Saturday, September 24, 2011

Carcassonne to Barcelona - Day 13

Sunday, September 18th
      Today actually started today about 3:30 a.m. with the passing of a rumbling street sweeper strobing its red lights across the ceiling and loud wake-me-up beep-beep-beeping as it backed up to swish another swath past the room if the first pass hadn't done the job of interrupting sleep.
      That was close-followed by a mirthful late-night group calling back and forth to each other as the wove their way down the alley outside the window. The inebriated serenade was succeeded by at least two different garbage trucks, insuring that all the trash was emptied from the dumpster containers by shaking them vigorously.
      Soon after that the clattering growl of small European motorcycles preceded the alarm clock, which was set for 6:20. We shrugged into our clothes and hauled our suitcases down the stairs, through the alley, and into the lobby of the hotel, where we found some members of our group already waiting.
      Two taxis arrived at 6:50 to load luggage and passengers for the trip through the cobbled streets of old Carcassonne before they were closed to vehicular traffic for the day. It was only about a 15 minute ride to Le Gare Carcassonne, where we had a 45 minute wait for the first leg of today's train trip from Carcassnonne to Narbonne. The route took us smoothly and silently toward the Spanish border along the shoreline of southwestern France, often with water on both sides of us. We were entertained by the sight of windsurfers and kiteboarders taking advantage of the protected bays and strong winds.
      The second leg of the ride was on the TGV ( in French: Train a Grande Vitesse, which simply means "high-speed train"), and the scenery close to the windows was a green blur as the countryside rushed by. The precisely laid jointless track made the ride so smooth that except for the view out the windows it would have felt like we were barely moving.
      The last hour and forty-five minute segment from Figueras to Barcelona was also a high speed train, reaching speeds up to 140 km/hour, but the track was not nearly as smooth. The cars bumped, lurched, and swayed as we hurtled along, but classical music and Pavarotti singing opera through the speakers soothed the ride.
       It was a short ride in heavy traffic from the train station to the Caldonian Hotel on Gran via de les Cortes Catalanes in downtown Barcelona. The taxi driver, who in some earlier incarnation must have been a Le Mans participant, wove in and out between slower vehicles with great finesse, His side view mirrors often only inches from those he was passing on one side and those on the parked cars at the edge of the street. Since I had not observed any dings, scratches, or dents in the taxi while getting in, I only grunted and screamed internally, but was immeasurably relieved when we reached our destination unscathed.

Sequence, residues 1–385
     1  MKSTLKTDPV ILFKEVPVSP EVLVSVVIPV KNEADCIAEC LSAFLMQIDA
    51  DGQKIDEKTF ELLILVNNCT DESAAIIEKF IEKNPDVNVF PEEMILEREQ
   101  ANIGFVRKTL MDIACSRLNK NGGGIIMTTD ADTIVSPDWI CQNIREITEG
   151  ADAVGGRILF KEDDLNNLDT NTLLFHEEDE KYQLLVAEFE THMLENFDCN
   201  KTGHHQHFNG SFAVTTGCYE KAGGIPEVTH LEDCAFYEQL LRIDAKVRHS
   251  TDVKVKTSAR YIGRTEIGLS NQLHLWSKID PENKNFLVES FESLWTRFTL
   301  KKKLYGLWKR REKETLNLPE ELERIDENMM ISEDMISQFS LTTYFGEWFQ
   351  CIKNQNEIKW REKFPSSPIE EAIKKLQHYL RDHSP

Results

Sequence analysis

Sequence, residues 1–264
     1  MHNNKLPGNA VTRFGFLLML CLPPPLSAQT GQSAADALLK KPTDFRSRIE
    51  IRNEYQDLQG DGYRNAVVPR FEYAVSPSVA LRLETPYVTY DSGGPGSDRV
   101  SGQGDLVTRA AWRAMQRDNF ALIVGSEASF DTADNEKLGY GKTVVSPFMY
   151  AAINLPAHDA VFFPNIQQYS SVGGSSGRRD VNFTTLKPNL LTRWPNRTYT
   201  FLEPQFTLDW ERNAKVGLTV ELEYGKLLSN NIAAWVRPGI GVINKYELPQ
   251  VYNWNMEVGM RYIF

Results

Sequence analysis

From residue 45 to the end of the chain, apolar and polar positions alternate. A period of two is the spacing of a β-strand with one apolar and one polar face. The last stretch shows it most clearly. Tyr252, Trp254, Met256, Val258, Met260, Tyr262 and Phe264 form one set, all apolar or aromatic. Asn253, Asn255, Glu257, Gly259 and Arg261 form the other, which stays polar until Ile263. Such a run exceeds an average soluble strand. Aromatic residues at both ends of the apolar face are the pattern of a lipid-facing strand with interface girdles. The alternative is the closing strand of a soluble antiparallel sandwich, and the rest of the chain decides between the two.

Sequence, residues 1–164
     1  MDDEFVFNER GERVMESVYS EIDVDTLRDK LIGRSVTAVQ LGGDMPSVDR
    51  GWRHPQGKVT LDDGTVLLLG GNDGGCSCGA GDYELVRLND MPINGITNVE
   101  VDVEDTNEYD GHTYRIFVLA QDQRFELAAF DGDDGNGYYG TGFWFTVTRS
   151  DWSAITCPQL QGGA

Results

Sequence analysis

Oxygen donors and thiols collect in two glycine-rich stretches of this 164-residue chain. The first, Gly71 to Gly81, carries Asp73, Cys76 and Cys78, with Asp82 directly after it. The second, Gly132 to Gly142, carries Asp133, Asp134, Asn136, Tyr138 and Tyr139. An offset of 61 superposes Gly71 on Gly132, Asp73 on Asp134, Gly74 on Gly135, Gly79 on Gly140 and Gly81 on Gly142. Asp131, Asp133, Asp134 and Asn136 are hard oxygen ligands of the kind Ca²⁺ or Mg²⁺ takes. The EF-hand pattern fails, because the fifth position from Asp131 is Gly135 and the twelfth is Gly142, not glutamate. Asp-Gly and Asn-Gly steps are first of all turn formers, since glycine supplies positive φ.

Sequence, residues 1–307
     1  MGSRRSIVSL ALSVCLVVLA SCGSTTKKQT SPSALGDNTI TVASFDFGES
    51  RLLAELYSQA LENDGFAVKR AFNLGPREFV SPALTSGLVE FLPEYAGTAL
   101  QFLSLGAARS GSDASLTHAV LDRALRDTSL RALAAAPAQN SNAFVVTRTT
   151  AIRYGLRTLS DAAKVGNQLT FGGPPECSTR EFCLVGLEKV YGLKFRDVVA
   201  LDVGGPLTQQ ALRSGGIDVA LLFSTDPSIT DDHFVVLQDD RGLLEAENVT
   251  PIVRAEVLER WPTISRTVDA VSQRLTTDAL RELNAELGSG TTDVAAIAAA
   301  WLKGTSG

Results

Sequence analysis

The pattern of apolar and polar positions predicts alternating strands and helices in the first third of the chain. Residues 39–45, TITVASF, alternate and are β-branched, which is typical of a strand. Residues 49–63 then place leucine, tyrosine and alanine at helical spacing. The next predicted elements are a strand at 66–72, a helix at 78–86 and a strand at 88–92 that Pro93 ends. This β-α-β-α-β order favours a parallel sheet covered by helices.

After a short rest we met Bill and Miriam in the lobby, and the four of us took another taxi to the Plaça de Catalunya, one of Barcelona's large squares. 

     There we caught the double-decker Red Line hop-on-hop-off tourist bus, one of three tourist bus lines that drive loops through the city.
Each passenger is offered a set of ear-bud headphones, and every seat has a place to jack in. You can listen to a narrative about each landmark in your choice of Catalan, Spanish, French, English, Italian, Russian, German, Japanese, Portuguese, or Chinese!
      For an hour and a half we rode through the city, passing the famous pedestrian street La Rambla, 
along the waterfront and the huge Maremagnum shopping center built out over the water, 
marveling at the number of really large sailing and motor yachts at the harbor marinas, out past the different venues for the 1992 Summer Olympics, and up Montjuïc where the neo-baroque Palau Nacional (National Palace) houses the Museu Nacional d'Art de Catalunya. 
Its collection includes Roman, Gothic, Renaissance and Baroque art as well as 19th and 20th century works of art.
      It was well after dark by the time we got back, and the four of us had a satisfactory dinner at a tapas bar near the hotel before calling it a day.

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